Some bipolar people refuse treatment their entire lives. Others resist at first, but ultimately acknowledge that they cannot control this illness by themselves. The reasons they most often cite are fear, mistrust and denial. But as a caring spouse, for you it boils down to this:

If your spouse doesn't want treatment, there are only two circumstances in which help can be forced upon him. First, if your bipolar husband or wife presents an imminent health and safety danger to himself or, second, to others. Otherwise, he or she cannot be forced into treatment or "committed" to mental hospital.

This is the bitter medicine that you, as the well wife or husband, must take when you watch someone you love self-destruct. The hard truth is, you can't override your bipolar spouse's decisions for himself–as much as you might want to. And your spouse doesn't have to listen to you, as much as you may think that what you're telling him is for his own good.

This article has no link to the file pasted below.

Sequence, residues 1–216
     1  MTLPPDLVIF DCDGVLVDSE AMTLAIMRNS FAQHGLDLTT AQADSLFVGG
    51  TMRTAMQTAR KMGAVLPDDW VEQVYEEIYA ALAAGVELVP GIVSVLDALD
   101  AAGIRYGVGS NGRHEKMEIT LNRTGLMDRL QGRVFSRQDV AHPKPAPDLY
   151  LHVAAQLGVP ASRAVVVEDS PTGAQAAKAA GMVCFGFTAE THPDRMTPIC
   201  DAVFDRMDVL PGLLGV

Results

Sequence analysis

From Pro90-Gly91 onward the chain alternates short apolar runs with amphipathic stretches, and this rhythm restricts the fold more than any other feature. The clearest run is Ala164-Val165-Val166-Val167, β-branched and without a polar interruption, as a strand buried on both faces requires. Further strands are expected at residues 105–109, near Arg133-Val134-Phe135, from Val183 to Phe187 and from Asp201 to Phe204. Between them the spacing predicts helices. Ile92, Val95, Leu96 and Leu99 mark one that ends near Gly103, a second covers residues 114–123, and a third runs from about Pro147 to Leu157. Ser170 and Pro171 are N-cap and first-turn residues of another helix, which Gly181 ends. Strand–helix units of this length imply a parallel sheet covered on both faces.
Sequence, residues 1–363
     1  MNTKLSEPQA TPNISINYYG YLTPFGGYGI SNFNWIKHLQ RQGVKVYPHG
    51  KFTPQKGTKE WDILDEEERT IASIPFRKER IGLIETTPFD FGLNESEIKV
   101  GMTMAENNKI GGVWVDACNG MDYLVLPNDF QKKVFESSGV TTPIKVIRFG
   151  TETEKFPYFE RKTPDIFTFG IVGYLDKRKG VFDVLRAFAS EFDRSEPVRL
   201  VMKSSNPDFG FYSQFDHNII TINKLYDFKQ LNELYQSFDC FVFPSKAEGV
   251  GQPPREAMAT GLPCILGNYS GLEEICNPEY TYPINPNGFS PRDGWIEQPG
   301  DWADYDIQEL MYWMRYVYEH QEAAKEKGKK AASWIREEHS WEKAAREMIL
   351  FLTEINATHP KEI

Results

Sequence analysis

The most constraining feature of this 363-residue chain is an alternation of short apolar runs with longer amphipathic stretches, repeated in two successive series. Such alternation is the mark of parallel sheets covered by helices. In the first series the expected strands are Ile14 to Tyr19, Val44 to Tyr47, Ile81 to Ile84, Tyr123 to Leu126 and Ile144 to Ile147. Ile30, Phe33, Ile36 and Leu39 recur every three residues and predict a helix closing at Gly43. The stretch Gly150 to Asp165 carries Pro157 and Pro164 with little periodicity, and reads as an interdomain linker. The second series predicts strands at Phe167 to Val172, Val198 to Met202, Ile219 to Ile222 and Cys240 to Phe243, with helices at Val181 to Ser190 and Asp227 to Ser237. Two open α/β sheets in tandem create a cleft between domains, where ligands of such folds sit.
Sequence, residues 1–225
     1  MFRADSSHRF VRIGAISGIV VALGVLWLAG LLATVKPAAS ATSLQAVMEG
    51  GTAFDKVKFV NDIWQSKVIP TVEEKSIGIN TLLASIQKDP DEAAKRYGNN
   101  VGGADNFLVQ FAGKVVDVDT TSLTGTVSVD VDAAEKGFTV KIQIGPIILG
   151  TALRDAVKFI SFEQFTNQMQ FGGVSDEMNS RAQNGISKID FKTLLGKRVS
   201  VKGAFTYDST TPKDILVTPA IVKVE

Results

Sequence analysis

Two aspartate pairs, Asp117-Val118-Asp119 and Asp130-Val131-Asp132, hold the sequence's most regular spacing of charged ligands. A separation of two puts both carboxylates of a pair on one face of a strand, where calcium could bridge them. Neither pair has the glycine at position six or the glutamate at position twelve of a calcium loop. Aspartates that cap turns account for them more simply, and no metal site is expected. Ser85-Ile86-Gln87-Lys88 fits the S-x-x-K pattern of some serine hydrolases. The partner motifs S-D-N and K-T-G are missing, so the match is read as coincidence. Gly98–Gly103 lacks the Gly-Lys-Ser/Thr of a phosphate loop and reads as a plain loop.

The vast majority of bipolar people who pursue conventional psychotherapy have case outcomes that are generally much more positive than if the illness is left untreated. Most of the time, but not always.

Often your bipolar husband may decide to pursue alternative therapies and treatments–either after traditional medical treatment fails or because he distrusts doctors and drugs. These therapies may range from outright quackery to therapies for which some interesting and promising anecdotal evidence exists. The outcomes in these cases vary widely, but, often, if you *believe* that something will help you, it does: the power of positive thinking.